Satan – Life Sentence

Satan - Life Sentence

If you have never listened to Satan before, stop whatever you are doing right now and go listen to their classic 1983 album Court in the Act, which is probably the greatest NWOBHM album made by a band not named Iron Maiden. I was introduced to this band when I heard Blind Guardian’s cover of Trial by Fire, and I was instantly floored by it beccause it was easily the best thing I had heard from Blind Guardian up to that point. Court in the Act itself floored me again. Every song on it was absolutely perfect, everything metal should be. So yeah, go listen to Court in the Act before you do anything else. So after Court in the Act, Satan’s history becomes messy and convoluted, with changes to both the line-up and the name (I think  they changed the name like three times over their career). But what matters here is that this is Satan’s first new material in 26 years, and that the line-up here is the same that was on Court in the Act.

In the past few years, there has been a trend in old NWOBHM bands reforming and releasing new stuff. Sadly, most of them either suck or are just kind of there, The only ones who have escaped that fate that I can think of are Pagan Altar and Trappazat, but in both those cases all their stuff was written back in the 80s, and they’re just now getting around to releasing shit (though Pagan Altar’s stuff was floating around on bootlegs since the 70s). I can gladly say that Satan have managed to join those hallowed few. This album is seriously good. Insanely good. The songs are not boring (Angel Witch), they did not drastically change their sound to try and appeal to the “kids these days” (Cloven Hoof), and the modern production is neither annoying nor distracting (Hell). Satan have still got it to a ridiculous degree.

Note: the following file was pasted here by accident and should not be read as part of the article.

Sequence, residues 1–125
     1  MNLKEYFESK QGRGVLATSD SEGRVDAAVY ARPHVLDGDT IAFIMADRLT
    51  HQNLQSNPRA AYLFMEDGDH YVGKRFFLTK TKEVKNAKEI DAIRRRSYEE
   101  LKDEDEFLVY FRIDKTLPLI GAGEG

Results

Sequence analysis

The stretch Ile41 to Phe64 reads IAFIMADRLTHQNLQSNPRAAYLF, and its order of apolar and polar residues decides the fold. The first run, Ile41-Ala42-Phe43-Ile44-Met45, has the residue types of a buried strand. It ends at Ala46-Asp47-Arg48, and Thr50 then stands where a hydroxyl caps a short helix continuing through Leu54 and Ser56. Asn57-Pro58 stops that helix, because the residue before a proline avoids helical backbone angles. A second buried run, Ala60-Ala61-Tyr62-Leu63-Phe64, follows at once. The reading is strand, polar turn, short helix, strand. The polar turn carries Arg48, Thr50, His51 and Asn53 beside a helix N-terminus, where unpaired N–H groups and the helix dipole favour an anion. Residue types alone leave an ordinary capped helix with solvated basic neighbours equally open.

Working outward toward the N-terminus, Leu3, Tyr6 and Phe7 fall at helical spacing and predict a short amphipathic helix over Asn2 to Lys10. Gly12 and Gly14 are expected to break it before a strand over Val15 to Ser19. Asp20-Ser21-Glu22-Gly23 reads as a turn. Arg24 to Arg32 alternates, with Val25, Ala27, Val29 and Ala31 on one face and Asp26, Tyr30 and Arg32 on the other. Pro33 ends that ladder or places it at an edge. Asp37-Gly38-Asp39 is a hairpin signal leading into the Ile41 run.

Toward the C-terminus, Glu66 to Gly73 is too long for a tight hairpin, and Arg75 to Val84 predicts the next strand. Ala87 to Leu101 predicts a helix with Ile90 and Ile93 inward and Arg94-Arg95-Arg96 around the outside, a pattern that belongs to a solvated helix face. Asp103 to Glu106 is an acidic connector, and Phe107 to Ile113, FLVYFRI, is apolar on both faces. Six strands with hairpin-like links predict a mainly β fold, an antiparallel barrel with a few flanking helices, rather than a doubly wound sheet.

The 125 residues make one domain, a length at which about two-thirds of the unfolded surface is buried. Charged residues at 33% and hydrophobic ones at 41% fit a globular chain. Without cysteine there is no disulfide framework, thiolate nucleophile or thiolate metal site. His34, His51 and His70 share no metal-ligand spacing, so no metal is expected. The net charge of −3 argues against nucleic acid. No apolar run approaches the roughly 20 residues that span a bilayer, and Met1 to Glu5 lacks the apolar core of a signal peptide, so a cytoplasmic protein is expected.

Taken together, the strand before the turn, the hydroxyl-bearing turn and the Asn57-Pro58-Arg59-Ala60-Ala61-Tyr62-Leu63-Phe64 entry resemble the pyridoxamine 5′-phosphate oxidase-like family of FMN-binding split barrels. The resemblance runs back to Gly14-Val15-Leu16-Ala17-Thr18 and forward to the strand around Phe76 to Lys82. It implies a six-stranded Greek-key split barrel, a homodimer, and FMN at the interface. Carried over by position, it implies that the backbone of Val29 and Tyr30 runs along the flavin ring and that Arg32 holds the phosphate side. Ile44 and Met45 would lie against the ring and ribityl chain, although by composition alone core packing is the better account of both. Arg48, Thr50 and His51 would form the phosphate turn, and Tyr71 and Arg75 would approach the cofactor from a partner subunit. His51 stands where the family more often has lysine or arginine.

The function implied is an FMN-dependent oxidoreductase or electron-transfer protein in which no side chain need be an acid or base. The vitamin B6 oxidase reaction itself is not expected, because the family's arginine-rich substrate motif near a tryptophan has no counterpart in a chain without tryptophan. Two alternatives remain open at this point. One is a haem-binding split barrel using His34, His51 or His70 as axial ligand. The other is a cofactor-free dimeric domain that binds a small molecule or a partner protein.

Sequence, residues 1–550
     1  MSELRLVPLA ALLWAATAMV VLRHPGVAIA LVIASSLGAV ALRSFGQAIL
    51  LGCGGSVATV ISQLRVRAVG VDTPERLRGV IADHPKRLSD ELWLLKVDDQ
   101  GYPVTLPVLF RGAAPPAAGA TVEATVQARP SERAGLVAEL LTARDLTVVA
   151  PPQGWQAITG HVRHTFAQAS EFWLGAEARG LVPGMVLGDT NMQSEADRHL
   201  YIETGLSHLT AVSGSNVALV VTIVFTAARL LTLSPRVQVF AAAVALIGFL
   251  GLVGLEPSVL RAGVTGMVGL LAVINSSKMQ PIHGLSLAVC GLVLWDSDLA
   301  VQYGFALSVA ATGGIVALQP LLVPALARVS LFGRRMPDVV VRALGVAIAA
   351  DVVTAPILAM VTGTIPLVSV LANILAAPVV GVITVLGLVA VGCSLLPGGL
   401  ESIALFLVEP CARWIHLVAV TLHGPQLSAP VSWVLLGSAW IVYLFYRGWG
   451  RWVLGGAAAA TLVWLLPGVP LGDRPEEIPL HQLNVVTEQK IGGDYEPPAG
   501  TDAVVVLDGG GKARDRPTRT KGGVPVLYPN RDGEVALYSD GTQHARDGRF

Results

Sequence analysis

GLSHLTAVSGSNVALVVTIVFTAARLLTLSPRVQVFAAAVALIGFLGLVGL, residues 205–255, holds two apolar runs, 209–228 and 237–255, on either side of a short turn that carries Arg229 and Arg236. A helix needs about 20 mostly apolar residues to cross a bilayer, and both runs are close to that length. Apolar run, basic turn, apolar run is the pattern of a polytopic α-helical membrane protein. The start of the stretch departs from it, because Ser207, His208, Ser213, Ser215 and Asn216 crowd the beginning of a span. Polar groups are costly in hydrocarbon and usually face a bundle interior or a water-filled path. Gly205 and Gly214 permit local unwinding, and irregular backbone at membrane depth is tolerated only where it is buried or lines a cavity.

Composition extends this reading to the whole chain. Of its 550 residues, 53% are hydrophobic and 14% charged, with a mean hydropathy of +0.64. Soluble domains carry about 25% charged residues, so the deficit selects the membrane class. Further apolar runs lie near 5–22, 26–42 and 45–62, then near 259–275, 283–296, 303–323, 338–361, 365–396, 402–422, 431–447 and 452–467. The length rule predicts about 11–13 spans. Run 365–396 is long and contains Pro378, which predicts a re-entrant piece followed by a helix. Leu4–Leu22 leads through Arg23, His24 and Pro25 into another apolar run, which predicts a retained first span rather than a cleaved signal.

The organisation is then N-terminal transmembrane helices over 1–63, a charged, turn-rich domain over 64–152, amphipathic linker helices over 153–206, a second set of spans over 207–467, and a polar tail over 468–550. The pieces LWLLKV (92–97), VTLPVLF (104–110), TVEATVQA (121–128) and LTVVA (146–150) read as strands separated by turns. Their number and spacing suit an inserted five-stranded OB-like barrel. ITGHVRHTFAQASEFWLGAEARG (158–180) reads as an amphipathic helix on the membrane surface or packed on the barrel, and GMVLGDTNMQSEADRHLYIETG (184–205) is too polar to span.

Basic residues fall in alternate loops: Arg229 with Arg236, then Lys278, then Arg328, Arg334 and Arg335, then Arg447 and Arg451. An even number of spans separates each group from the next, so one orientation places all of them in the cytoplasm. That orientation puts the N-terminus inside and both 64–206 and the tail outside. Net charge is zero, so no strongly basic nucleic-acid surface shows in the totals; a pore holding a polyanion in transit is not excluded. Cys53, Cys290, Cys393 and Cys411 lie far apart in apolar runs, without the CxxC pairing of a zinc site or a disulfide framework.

I read on the Terrorizer stream of this album that when they were writing the music for this album, singer Brian Ross says “Rather than just do a new album why don’t we try and get our heads into the way we would have been in 1984 and had we stayed together, the songs that we would’ve written, the songs that we would’ve put together to follow ‘Court In The Act’ is the album that I think we should write now.” This is pretty much the exact attitude all these reforming NWOBHM bands should take. Trying to modernize their songs to appeal to new fans is ultimately a doomed effort, because the NWOBHM for anyone not named Iron Maiden is such an obscure niche, that the only people who care about these bands reforming are the die hard fans of the 80s material.

So the old school mindset has really paid off for Satan, because from this album it sounds like Satan has not missed a single beat.

Satan has always walked the line between heavy metal and speed metal, with songs like Trial by Fire leaving many of the band’s contemporaries in the dust. So it comes as no surprise that the most stand out tracks (Time to Die, Testimony) on this album border more on speed metal than traditional NWOBHM. The crisp burst of guitars that opens the album immediately pump the listener up, and give them a taste of what’s to come. What follows is an amazing meld of speed and old-school melodicism wrapped up in excellent songwriting that few bands can hope to match.